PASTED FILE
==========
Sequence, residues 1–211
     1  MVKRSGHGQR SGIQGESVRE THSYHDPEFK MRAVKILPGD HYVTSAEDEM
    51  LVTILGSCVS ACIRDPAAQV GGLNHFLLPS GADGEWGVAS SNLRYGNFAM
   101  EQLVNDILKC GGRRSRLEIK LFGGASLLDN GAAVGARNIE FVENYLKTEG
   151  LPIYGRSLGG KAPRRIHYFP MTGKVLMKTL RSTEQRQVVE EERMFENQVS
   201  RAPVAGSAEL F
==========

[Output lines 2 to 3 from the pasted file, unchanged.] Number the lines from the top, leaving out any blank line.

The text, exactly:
     1  MVKRSGHGQR SGIQGESVRE THSYHDPEFK MRAVKILPGD HYVTSAEDEM
    51  LVTILGSCVS ACIRDPAAQV GGLNHFLLPS GADGEWGVAS SNLRYGNFAM